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The Cancer Chemoprotection Program

Role of Drug-metabolizing Enzymes in Health and Disease

Principal Investigator: Sharon Krueger, Ph.D.

The flavin-containing monooxygenases (FMOs) and cytochrome P450s (CYPs) are enzymes that oxygenate many of the drugs and chemicals that we ingest, inhale, or absorb. I am interested in the role these enzymes play in modulating disease and the impact of genetic variants on metabolism, especially in cancer and tuberculosis. Sulindac is an anti-inflammatory drug used to treat individuals with familial adenomatous polyposis (FAP), an inherited disorder characterized by colorectal cancer. FMO3 oxygenates sulindac sulfide, leading to its increased excretion. Studies have shown that among individuals with FAP, those with FMO3 polymorphisms (genetic variations) that have a reduced capacity to oxygenate and excrete sulindac have a reduced polyp and tumor burden. A human study has demonstrated that dietary consumption of Brussels sprouts decreases conversion of trimethylamine to trimethylamine N-oxide, another reaction catalyzed by FMO3. We are investigating the hypothesis that consumption of Brussels sprouts will reduce and delay sulindac oxygenation. If this is correct, dietary regulation of FMO3 could become a strategy for enhancing and prolonging the efficacy of sulindac and reducing the impact of FAP.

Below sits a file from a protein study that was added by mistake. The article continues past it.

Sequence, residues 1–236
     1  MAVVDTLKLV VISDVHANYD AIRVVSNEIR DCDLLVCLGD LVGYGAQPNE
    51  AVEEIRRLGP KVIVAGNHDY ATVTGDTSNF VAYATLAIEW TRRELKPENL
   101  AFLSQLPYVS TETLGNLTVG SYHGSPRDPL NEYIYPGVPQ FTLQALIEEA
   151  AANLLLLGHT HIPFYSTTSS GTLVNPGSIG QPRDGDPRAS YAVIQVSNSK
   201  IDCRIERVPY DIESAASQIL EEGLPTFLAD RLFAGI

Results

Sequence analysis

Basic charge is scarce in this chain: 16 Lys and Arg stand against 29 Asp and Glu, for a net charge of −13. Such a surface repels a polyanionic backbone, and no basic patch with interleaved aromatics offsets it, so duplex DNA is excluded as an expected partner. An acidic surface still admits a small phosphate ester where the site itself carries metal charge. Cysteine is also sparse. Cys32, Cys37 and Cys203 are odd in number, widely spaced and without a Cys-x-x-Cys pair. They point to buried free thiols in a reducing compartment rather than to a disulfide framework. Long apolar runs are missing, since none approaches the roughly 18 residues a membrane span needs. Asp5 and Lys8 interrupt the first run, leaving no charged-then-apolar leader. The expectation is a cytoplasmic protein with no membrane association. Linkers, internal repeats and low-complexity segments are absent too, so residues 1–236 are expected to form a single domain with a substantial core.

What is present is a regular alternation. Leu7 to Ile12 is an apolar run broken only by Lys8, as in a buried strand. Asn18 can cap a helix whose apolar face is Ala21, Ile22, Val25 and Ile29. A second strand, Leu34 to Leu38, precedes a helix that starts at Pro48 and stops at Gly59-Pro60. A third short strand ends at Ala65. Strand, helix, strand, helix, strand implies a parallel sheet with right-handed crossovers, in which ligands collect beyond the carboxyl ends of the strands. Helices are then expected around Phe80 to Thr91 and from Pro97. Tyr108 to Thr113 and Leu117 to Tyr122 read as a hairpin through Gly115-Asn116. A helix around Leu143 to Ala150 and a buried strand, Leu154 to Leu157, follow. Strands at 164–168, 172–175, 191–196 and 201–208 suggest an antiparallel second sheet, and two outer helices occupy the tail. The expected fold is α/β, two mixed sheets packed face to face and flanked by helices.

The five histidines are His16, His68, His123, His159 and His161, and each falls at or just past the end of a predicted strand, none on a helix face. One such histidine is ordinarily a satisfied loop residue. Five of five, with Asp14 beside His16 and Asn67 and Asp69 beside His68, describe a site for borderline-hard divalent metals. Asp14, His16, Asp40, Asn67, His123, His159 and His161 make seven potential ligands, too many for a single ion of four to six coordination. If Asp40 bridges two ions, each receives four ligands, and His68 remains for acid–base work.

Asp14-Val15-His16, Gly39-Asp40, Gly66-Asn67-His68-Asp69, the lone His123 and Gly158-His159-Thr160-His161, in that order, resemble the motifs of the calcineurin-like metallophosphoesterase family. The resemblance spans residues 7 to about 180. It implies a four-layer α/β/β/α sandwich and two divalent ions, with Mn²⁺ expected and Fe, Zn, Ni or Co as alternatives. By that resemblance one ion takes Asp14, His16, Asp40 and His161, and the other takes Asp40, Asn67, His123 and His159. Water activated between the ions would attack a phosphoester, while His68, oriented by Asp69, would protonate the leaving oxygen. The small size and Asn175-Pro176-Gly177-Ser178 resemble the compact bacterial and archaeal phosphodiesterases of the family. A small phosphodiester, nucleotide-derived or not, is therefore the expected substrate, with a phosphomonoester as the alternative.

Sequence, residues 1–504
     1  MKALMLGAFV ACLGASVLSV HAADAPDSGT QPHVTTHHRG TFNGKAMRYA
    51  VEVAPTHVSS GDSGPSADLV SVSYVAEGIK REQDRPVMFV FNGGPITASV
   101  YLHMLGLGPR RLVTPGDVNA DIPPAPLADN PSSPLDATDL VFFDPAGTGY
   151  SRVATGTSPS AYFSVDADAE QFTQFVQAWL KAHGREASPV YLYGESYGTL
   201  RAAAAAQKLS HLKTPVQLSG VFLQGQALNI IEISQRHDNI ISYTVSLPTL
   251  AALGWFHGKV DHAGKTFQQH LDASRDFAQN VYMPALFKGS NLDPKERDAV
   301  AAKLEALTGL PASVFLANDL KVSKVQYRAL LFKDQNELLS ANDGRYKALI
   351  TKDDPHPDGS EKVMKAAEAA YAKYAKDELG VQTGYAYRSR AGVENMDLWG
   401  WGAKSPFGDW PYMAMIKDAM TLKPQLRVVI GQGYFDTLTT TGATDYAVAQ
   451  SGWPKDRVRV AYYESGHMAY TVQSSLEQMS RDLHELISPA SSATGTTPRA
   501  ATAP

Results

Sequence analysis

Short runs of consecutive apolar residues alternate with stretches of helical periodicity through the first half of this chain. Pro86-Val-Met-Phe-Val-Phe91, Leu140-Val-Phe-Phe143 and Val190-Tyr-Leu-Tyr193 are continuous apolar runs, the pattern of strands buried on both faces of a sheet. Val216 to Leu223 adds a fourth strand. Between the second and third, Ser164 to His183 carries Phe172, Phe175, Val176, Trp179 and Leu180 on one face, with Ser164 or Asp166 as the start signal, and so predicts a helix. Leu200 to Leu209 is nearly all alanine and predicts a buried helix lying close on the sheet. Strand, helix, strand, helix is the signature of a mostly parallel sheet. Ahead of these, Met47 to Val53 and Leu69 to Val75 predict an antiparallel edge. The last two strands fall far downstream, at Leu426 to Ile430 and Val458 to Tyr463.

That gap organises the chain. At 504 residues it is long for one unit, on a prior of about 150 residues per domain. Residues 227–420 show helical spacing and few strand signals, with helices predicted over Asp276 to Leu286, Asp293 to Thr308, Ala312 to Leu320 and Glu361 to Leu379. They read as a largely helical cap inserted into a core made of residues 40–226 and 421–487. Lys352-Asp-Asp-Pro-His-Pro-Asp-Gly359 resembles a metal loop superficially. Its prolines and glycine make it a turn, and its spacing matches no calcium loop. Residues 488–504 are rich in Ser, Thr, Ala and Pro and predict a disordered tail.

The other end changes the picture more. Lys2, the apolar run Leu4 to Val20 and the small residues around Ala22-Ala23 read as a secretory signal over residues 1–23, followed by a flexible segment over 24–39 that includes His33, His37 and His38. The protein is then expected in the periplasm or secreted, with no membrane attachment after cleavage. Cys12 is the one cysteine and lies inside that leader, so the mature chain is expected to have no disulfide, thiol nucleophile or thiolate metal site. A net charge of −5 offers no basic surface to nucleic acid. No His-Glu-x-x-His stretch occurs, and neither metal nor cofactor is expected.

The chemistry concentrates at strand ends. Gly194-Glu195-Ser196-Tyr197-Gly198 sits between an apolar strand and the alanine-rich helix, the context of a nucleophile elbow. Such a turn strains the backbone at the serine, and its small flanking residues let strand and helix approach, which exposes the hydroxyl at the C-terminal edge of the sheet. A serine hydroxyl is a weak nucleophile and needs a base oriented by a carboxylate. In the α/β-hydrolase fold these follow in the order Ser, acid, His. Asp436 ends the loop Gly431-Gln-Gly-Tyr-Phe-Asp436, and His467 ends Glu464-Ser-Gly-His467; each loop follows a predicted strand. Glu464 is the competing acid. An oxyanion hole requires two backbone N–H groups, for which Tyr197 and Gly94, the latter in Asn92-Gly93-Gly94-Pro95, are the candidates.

Whereas FMO3 is the predominant FMO in human liver, FMO2 is the dominant isoform in lung. However, only some individuals of African or Hispanic/Latino descent produce active protein; all other populations have a polymorphism for FMO2, rendering them with little capacity for metabolism of FMO substrates in the lung. Several classes of anti-tuberculosis drugs require activation by FMOs for bactericidal activity. Mycobacteria (causative agents for TB and leprosy) have their own FMO that activates these drugs. We have hypothesized that people with active FMO2 who have TB and are treated with these drugs will have a different drug response (toxicity and efficacy) from people without active FMO2. We are testing this hypothesis using mice with and without FMO2, and if correct, physicians may have a strategy to tailor drug therapy for TB on the basis of FMO2 polymorphism.